Share this:TwitterFacebookLike this:Like Loading… RelatedLETTER TO THE EDITOR: Contractor Tells His Side Of Story Regarding 13 Muse Ave. DemolitionIn “Letter To The Editor”Lender To Cancel $1.6 Million In Loans Made To Former ITT Tech Students At Wilmington & Norwood CampusesIn “Government”BREAKING: Board Of Health Fines Contractor $6,000 & Revokes Septic License Over Muse Ave FiascoIn “Government” BOSTON, MA — A Wilmington contractor and his two companies will pay up to $125,000 to settle allegations that employees illegally removed and disposed of asbestos and construction debris while demolishing a home in the town, Attorney General Maura Healey announced today.“Construction and demolition work involving asbestos must be done in a safe and legal way to protect workers and the public,” AG Healey said. “We will take action against contractors who illegally dispose of asbestos and put the public at risk of harm.”The consent judgment, entered Friday in Suffolk Superior Court, settles a lawsuit filed by the AG’s Office that alleges Langone Development Group, Inc. (a contracting company), 3 Holly Street, LLC (the property owner), and Jonathan S. Langone (the president and manager of both companies), violated the state’s clean air law while haphazardly knocking down a single-family house in Wilmington. The lawsuit alleges the defendants failed to remove exterior asbestos shingles from the house and did not take any necessary safety precautions.The AG’s Office alleges the defendants’ actions caused a visible dust cloud of asbestos to be emitted in the air, putting the health of their workers and residents in the Wilmington neighborhood at risk.The lawsuit also alleges that the Langone and his employees violated the state’s solid waste management act by illegally dumping large pieces of construction debris in a deep pit they dug on the property, even though they reported that solid waste from their demolition activities would be disposed of at a permitted facility, as required.“Massachusetts requires protective measures whenever asbestos removal, handling and disposal are involved in order to protect the public from the health hazards associated with airborne asbestos fibers,” said MassDEP Commissioner Martin Suuberg. “Persons who seek to avoid costs by violating applicable laws and regulations will be subject to enforcement including appropriate penalties.”Under the terms of the settlement, the defendants will pay up to $125,000 in penalties, with $25,000 suspended for three years pending compliance with the terms of the agreement.Asbestos is a mineral fiber that has been used in a wide variety of building materials, from roofing and flooring, to siding and wallboard, to caulking and insulation. If asbestos is improperly handled or maintained, fibers can be released into the air and inhaled, potentially resulting in life-threatening illnesses, including asbestosis, lung cancer, and mesothelioma. Asbestosis is a serious, progressive, and long-term disease for which there is no known effective treatment. Mesothelioma is a rare form of cancer that is found in the thin membranes of the lung, chest, abdomen, and heart, that may not show up until many years after exposure, and that has no known cure, although treatment methods are available to address the effects of the disease.AG Healey has made asbestos safety a priority, as part of the office’s “Healthy Buildings, Healthy Air” Initiative that was announced in March 2017 to better protect the health of children, families, and workers in Massachusetts from health risks posed by asbestos. Since September 2016, the AG’s Office, with the assistance of MassDEP, has successfully brought asbestos enforcement cases that together have resulted in more than $2.8 million in civil penalties.For more information on asbestos and asbestos-related work, visit MassDEP’s website outlining asbestos construction and demolition notification requirements.This case was handled by Assistant Attorney General Meghan Davoren of AG Healey’s Environmental Protection Division, with assistance from Senior Regional Counsel Colleen McConnell, Asbestos Program Section Chief John Macauley, and Asbestos Program Environmental Analyst Grady Dante, all of MassDEP’s Northeast Regional Office in Wilmington.(NOTE: The above press release is from the Massachusetts Attorney General’s Office.)Like Wilmington Apple on Facebook. Follow Wilmington Apple on Twitter. Follow Wilmington Apple on Instagram. Subscribe to Wilmington Apple’s daily email newsletter HERE. Got a comment, question, photo, press release, or news tip? Email firstname.lastname@example.org.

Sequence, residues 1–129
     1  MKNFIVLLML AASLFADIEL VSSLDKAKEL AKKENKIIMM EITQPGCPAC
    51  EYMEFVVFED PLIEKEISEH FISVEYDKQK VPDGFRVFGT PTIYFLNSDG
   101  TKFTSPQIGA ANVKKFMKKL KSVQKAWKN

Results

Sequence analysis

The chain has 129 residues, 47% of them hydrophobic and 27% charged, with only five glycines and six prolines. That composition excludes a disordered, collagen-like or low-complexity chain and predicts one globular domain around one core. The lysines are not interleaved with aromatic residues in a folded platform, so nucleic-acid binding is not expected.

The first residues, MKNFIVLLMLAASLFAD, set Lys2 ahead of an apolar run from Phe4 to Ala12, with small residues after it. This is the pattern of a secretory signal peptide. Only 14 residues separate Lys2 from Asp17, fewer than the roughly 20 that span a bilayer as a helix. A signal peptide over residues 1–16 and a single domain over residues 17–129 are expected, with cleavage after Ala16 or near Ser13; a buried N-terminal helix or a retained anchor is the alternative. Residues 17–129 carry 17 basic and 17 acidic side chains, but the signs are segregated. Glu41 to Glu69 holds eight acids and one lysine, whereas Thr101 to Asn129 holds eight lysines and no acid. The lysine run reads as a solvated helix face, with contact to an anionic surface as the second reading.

In recent months, YouTube creators say they’ve been swamped with a flood of manual claims from copyright owners — sometimes for just a second or two of a song. Now the video platform has responded, revising its policies to require more specific info from copyright holders about any alleged infringement and rolling out new tools to help creators respond to such claims.Effective as of July 9, YouTube requires copyright owners to provide timestamps for all new manual Content ID claims. That’s designed to let creators know exactly which part of their video is being claimed. The new policy applies to manually submitted copyright-infringement claims under YouTube’s Content ID system, as opposed to videos that are automatically flagged by content-matching algorithms.YouTube said in a blog post that it’s going to be vigilant about policing false claims: “We’ll be evaluating the accuracy of these timestamps. Copyright owners who repeatedly fail to provide accurate data will have their access to manual claiming revoked.” Silicon Valleywood: Content Creators Discuss if Storytelling is Driven by Data ×Actors Reveal Their Favorite Disney PrincessesSeveral actors, like Daisy Ridley, Awkwafina, Jeff Goldblum and Gina Rodriguez, reveal their favorite Disney princesses. Rapunzel, Mulan, Ariel,Tiana, Sleeping Beauty and Jasmine all got some love from the Disney stars.More VideosVolume 0%Press shift question mark to access a list of keyboard shortcutsKeyboard Shortcutsplay/pauseincrease volumedecrease volumeseek forwardsseek backwardstoggle captionstoggle fullscreenmute/unmuteseek to %SPACE↑↓→←cfm0-9Next UpJennifer Lopez Shares How She Became a Mogul04:350.5x1x1.25×1.5x2xLive00:0002:1502:15 Related YouTube also introduced new editing tools to remove manually claimed content in videos, which will automatically release the claim. Those are “Mute Song,” which will let a creator simply mute the audio in the time-stamped segment that is being claimed for infringement, and “Replace Song,” which lets creators swap out the music with one of the free-to-use songs from the YouTube Audio Library.Another feature YouTube is still working on is an improved Trim feature, which will add an option built into YouTube Studio’s Copyright Info page that will let creators snip out claimed content with just one click.YouTube CEO Susan Wojcicki had said in a blog to creators in April that the video platform was working on making it easier for YouTubers to deal with manual copyright claims. “Today is an important first step: we’re giving creators more info about manual claims and more tools to resolve them,” she wrote in a tweet Tuesday.Video creators on YouTube who receive a copyright claim have three courses of action: They can do nothing (in which case the video in question is suspended); they can dispute the claim; or they can opt to share ad revenue generated from the disputed material with the music publisher or other copyright owner making the claim.YouTube made the changes to the copyright reporting system two days before the 10th annual VidCon US creator and fan convention kicks off in Anaheim, Calif. Neal Mohan, YouTube’s chief product officer, is set to deliver a keynote touting the platform’s initiatives to support creators on July 11. Popular on Variety YouTube Rings in Era of Ad-Supported Originals By Making ‘Cobra Kai’ Free to Watch